Social status of elderly hasn’t improved in past 15 years: report2 min read . Updated: 30 Jun 2017, 06:11 AM IST
According to a survey, every seventh elderly person says that he or she had experienced violence in old age
New Delhi: Living conditions for the elderly haven’t improved in the past 15 years in India despite well-intentioned government schemes and policies, found a survey by a UN agency and Agewell Foundation.
The study Changing needs and rights of older people in India—a review 2017, released on Wednesday, involved 15,000 elderly people across 300 districts of 25 states and Union territories in India. It was conducted by the Economic and Social Council (ECOSOC) at the United Nations in association with Agewell Foundation, a Delhi-based non-governmental organization (NGO).
“Approximately 59% respondents said that social status of older people in Delhi-NCR has deteriorated during the past 15 years. Over 47% elderly said that healthcare status of older people has not improved at all during the past 15 years. Over 36% elderly stated that financial status of older people has not improved during last 15 years," the survey report said.
The government has formulated several well-intentioned policies and laws but there is no effective implementation mechanism and most of the policies and provisions remain just on paper, the report said.
According to the survey, every seventh elderly person said that he or she had experienced violence in old age. Overall, 12.6% elderly said they were mistreated in public places and almost every 10th elderly person claimed to have been mistreated at home as well as public places. Over 46.82% of elderly people complained that there was no strong and effective mechanism to protect the human rights of older people in India.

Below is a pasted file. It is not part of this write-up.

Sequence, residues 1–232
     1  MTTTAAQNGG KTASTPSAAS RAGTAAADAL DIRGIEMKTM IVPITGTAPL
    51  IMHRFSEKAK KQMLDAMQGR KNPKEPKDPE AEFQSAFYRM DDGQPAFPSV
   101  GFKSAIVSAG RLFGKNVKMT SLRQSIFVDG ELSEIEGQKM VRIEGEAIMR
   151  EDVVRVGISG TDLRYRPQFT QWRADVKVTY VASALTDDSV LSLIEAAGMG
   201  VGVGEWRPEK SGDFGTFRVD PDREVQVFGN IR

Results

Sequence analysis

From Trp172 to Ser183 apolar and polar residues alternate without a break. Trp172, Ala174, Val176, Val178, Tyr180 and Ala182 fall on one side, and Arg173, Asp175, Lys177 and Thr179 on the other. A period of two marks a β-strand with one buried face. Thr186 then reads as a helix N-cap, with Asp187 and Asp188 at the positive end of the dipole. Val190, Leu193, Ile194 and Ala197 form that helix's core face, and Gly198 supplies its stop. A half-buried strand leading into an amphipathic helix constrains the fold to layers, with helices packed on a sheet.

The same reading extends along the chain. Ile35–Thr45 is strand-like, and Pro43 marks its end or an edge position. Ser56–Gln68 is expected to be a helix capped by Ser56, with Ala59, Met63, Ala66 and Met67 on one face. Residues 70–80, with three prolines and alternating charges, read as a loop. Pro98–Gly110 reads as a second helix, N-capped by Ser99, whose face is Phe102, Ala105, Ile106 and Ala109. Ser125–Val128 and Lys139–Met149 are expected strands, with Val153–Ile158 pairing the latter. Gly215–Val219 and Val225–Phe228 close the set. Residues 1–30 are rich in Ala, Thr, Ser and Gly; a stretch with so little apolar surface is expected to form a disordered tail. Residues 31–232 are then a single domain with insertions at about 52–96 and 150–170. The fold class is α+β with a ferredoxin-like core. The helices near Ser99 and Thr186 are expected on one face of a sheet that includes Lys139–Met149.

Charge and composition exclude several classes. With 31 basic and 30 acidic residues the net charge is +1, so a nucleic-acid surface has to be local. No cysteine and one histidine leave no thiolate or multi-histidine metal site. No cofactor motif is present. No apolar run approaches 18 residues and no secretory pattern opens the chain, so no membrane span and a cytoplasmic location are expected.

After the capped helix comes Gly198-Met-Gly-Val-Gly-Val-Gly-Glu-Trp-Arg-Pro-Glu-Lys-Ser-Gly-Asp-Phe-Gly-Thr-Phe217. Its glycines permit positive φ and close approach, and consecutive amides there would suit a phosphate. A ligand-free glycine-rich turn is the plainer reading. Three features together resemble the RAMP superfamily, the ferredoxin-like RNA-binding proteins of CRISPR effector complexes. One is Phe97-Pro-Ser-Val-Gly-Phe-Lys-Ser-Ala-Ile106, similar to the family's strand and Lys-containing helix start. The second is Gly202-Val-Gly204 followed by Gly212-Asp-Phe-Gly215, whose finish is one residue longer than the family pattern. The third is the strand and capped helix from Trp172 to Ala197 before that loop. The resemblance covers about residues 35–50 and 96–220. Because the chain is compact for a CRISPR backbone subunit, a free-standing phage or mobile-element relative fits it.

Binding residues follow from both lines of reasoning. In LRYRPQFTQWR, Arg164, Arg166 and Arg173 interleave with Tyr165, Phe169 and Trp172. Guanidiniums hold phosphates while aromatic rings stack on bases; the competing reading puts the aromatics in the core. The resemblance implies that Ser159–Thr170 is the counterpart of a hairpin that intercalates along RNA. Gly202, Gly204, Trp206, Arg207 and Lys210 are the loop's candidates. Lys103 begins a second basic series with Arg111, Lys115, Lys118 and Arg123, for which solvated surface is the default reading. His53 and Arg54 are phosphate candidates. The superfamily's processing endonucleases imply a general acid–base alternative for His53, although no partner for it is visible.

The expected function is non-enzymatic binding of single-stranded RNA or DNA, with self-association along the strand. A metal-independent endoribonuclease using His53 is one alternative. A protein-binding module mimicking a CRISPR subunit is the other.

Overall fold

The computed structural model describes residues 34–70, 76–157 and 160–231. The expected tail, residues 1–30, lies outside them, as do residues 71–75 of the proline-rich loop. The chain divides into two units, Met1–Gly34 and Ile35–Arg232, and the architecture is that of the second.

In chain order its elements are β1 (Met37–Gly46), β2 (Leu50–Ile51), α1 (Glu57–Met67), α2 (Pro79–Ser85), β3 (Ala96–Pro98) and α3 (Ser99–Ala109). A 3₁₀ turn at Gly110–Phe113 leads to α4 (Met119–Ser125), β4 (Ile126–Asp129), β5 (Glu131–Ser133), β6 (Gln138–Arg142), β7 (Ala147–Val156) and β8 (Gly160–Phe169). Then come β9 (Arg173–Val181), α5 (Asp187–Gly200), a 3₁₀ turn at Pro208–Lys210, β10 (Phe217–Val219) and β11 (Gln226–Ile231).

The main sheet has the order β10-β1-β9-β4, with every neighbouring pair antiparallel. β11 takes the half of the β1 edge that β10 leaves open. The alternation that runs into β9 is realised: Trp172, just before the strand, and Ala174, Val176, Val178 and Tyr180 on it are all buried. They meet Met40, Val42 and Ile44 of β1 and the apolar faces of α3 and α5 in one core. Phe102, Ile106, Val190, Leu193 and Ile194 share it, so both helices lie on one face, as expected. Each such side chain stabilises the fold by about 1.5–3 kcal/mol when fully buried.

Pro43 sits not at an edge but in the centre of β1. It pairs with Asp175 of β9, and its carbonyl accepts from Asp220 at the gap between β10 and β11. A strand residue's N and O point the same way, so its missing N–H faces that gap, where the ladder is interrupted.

Over half (53.5%) of the elderly respondents said they had been mistreated in their old age. Of these 58% said the place of mistreatment was their own home. Moreover, 30% said they prefer to remain quiet in case of violation of their human rights and don’t raise their voices. Around 41% older people said they have no knowledge of any mechanism to protect their human rights.
According to the study, older persons, particularly those aged above 80 years, suffered violation of human rights due to several factors, ranging from poor financial, social and psychological status to fragile health condition.
“In India issues concerning old age are turning into bigger challenges due to the unprecedented rate of growth of this section of the population (128 million and growing). There is a strong need for well-conceived policies and their implementation, backed by strong political and administrative will power," said Himanshu Rath, founder chairman of Agewell Foundation.
“Social security system, old age healthcare, empowerment of older people and protection of human rights of older people are burning issues, which need to be addressed on priority basis. There is a widespread anxiety among older people, particularly younger older people (60-70 years) about the current old age scenario in the society," Rath said.